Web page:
Classifying Three New Research Reports About the Arts

By Sunil Iyengar

In his entertaining essay “The Hedgehog and the Fox” (1953), Isaiah Berlin distinguished between two kinds of thinkers. Berlin’s now famous title was inspired by the ancient Greek poet Archilochus, who is credited with saying, “The fox knows many things, but the hedgehog knows one big thing.” As with people, research reports can be subject to this distinction. We all know of studies that have culminated in one grand finding or that have presented a series of findings grouped by a single, clarifying idea.

Set against these types of studies are reports which, while thematically distinct, offer an abundance of mini-discoveries, bullets and sub-bullets, and stray tidbits. It isn’t that such reports lack a unified message (if they do, then blame the writing)—rather, like Whitman, they contain multitudes. This variety of report might owe its idiosyncratic structure to a topical richness that did not exist previously: a new trove of data that demands to be inventoried, or a fresh emphasis laid on a conventional research question.

Fox or hedgehog? It’s a question I ask myself about the three new research reports issued this week by the NEA’s Office of Research & Analysis. Each stems from a first-of-its-kind investigation about the arts in the United States. Each comes from a different federally sponsored source. And, less by design than by fortune, each covers a single year in the arts from a unique but complementary vantage—allowing us to trace the arc of supply and demand for arts and culture in 2012, and to glimpse some common motivations for that demand.

  • A Decade of Arts Engagement: Findings from the Survey of Public Participation in the Arts, 2002-2012, represents the NEA’s most current assessment of how Americans conduct arts activities—whether attending arts events, creating or performing art, reading literature, consuming art via media, or learning art. This report provides exhaustive detail about how arts participation differs by demographic subgroup and by socioeconomic status, but it also shows state, regional, and metro-level variations in involvement by art form. For the first time, moreover, we’re posting interactive visualization tools to accompany the data release.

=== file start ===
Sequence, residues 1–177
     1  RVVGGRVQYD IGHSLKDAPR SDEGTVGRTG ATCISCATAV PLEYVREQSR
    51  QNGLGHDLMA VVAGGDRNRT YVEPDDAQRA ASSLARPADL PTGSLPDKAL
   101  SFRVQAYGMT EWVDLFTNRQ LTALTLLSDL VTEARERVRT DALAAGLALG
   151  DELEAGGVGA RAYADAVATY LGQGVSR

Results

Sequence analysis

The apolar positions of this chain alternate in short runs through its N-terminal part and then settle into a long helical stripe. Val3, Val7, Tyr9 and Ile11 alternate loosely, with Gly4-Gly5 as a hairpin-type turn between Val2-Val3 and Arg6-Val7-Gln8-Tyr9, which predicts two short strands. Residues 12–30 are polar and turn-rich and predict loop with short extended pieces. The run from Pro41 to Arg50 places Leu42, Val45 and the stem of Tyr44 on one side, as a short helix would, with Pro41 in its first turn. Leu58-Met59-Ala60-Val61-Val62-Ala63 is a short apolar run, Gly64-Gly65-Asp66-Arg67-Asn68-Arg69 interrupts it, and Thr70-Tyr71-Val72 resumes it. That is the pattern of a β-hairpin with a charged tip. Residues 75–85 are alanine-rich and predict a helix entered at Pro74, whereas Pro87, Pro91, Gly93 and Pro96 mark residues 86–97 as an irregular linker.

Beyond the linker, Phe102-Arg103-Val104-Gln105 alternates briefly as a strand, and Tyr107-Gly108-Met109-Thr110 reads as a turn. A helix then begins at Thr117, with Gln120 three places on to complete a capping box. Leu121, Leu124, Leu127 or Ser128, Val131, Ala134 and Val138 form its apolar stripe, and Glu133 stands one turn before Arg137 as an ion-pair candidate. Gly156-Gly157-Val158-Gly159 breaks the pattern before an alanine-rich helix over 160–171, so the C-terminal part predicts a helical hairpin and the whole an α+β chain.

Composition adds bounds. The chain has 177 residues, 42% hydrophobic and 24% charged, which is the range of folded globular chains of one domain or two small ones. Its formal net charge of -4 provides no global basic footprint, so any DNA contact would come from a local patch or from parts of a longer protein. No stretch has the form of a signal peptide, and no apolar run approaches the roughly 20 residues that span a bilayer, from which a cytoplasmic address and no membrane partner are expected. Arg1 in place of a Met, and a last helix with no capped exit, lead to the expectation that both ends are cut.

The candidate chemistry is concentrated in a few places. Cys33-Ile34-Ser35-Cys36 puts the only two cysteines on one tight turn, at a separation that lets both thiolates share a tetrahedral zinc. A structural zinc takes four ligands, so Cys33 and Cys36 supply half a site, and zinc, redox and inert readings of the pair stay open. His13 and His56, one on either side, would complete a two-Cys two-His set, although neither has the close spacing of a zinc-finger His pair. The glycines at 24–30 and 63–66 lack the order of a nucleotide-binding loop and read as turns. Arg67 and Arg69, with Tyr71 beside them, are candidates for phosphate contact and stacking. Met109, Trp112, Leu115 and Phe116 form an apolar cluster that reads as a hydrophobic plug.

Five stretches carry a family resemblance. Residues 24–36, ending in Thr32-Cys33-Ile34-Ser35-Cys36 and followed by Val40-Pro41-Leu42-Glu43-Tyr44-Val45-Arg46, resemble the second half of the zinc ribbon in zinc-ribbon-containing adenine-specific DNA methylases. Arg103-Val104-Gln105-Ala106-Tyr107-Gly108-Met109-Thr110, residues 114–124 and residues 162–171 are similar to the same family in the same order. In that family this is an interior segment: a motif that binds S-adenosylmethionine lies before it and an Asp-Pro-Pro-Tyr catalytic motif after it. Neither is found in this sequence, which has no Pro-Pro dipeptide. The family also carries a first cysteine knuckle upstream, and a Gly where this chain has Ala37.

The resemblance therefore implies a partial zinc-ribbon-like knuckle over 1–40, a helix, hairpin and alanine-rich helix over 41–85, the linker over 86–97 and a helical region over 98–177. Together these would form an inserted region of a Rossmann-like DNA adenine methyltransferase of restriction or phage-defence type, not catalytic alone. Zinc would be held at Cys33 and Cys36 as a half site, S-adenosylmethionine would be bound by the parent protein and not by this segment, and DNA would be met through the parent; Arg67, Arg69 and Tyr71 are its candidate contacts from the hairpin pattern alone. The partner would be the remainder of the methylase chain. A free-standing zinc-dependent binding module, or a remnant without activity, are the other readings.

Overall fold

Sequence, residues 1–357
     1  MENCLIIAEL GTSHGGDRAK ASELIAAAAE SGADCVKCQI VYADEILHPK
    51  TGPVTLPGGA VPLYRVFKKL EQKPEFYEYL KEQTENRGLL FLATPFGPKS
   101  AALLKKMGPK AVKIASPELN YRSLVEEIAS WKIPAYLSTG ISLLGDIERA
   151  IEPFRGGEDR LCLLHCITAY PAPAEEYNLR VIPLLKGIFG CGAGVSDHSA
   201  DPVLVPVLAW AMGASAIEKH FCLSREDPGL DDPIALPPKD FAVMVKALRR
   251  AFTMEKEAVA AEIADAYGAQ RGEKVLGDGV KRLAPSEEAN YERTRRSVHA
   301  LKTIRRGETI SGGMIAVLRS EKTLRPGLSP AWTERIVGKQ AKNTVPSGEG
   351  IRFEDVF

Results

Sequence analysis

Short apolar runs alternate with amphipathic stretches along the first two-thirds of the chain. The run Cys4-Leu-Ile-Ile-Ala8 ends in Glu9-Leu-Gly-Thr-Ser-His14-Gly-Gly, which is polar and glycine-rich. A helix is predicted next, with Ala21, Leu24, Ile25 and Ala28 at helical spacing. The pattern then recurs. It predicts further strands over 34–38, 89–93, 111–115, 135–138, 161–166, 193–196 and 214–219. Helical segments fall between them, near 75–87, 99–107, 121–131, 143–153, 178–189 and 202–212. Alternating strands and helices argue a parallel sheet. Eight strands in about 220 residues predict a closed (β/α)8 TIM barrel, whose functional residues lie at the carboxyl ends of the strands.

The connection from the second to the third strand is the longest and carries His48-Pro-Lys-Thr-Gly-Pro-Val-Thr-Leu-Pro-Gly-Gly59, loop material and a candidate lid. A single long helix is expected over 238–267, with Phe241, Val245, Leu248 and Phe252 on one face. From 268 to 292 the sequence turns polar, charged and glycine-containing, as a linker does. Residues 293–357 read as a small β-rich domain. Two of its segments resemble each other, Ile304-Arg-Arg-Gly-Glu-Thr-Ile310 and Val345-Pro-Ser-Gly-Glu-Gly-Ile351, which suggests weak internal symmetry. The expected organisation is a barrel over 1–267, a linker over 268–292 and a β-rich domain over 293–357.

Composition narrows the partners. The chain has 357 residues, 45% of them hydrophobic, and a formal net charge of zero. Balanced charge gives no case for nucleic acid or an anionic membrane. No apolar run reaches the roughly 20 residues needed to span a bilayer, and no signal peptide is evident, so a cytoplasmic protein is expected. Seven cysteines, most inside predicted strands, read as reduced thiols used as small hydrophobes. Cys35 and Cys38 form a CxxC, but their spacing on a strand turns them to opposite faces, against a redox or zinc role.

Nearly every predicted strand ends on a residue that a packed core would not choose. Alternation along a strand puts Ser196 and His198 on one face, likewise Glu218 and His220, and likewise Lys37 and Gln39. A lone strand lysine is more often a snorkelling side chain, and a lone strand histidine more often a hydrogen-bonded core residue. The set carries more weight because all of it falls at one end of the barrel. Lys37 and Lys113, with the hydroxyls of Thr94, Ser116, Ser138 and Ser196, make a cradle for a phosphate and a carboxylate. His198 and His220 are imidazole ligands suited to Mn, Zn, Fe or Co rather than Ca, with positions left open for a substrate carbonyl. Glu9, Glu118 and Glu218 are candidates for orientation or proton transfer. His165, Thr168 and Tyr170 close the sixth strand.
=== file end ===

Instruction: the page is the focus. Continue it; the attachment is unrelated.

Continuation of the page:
• When Going Gets Tough: Barriers and Motivations Affecting Arts Attendance is the NEA’s first national study of reasons and obstacles for going to live visual and performing arts events. Although the agency has conducted surveys of U.S. arts participation since 1982, it has never before asked both why people choose to attend arts events and, if they chose not to attend, what prevented them from doing so. Again, an interactive data-visualization feature (titled “Why Don’t They Come? Characteristics of Interested Non-Attendees of the Arts”) permits further exploration of variables beyond those discussed in the report itself.
  • The Arts and Cultural Production Satellite Account: 1998-2012 presents final estimates from the U.S. Bureau of Economic Analysis, covering the total value added by arts and cultural goods and services to the nation’s GDP. In addition to this total dollar figure, the account reveals how many workers are employed in arts/cultural industries, what is the ratio of imports to exports of arts/cultural commodities, what share of the overall “creative economy” (e.g., copyright-intensive industries) is contained in arts and culture, and to what extent does arts/cultural consumption spur economic and job growth. A series of NEA “issue briefs” breaks down these topics into easily understood terms.

So where do I place these reports in the Berlin/Archilochus menagerie? While they each are larded with descriptive statistics, and thus convey multiple findings, it's hard not to see a unifying principle at work. Together, the reports show the arts as deeply woven into the social, civic, and economic milieu of American life. But this realization occurs only when we broaden the scope of art forms, intentions, and industries we seek to measure. Only by applying diverse research angles to the same question—what is the role and importance of art today—can we understand the arts' contiguous relationship to a host of factors and choices affecting our nation's future. These reports, therefore, are part hedgehog, part fox.